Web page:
NORFOLK, Va. (WAVY) – A three-year old boy in Norfolk has found something of value from what we “throw away.”
It involves his fascination with people, whose jobs adults often take for granted, with some life lessons on the way. One could say the neighborhood trash in East Beach is a child’s treasure. Ryan MacLeod says her son Behr’s obsession with a messy process began more than a year ago.
“We’d open the window so we can hear them from the kitchen and as soon as we heard the brakes squeaking through and we’d say, ‘Here’s the garbage truck!’ and he’d get all excited about it,” says MacLeod.
And what began as a curiosity has blossomed into a relationship.
“He grew, the relationship grew, and the time I decided to spend taking him ‘garbaging’ grew. So we went from just doing one or two houses down to following through the whole neighborhood,” she says.
Norfolk’s sanitation workers love seeing Behr waiting for them at nearly every corner.
“This is awesome to see a kid full of joy and full of love for the work that we do,” says Miracle Parker.
Behr is hands on, handing the workers trash, and providing water for them on their summer trash runs.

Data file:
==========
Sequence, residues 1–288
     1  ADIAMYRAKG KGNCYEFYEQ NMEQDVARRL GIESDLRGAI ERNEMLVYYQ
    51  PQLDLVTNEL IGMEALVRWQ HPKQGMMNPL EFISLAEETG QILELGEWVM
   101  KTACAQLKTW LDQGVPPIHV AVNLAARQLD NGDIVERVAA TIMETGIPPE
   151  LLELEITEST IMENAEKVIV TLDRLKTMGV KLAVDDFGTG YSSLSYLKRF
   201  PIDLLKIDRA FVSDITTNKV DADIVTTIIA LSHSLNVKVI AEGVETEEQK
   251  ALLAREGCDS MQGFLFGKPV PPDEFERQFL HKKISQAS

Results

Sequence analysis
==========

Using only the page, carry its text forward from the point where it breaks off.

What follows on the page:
“Teamwork is probably the biggest thing that Behr relates to because he gets that guys work together to get the job done,” says MacLeod.
With the help of his parents, Behr also ventures outside the neatly manicured world of East Beach into parts of East Ocean View. He greets Marcus Hawkins with a hug after he emerges from his city truck on 19th Bay Street. This little boy brings a smile to Hawkins’ face.
“That’s my buddy, I mean, he gets me through the day; and when I see him, it enlightens me,” says Hawkins.
Enlightening to consider from the eyes of a child, a lesson emerges about people and human interaction.
“I don’t think that we realize sitting in our houses, putting our garbage cans out, and watching the garbage disappear, there’s somebody on the other end of that,” says MacLeod. “There’s somebody who’s picking that up and loading up the truck and going home to their family at night.”
Yes relationships leave impressions, especially when they end. Behr and his military family are moving from the area, and on this last “garbaging day,” Hawkins offers reassurance to his young friend.
“I’m gonna miss you bud. I’m going to see you again, we’ll see each other again,” Hawkins says to Behr.
A promise made in hope, because of this relationship which came from what we throw away.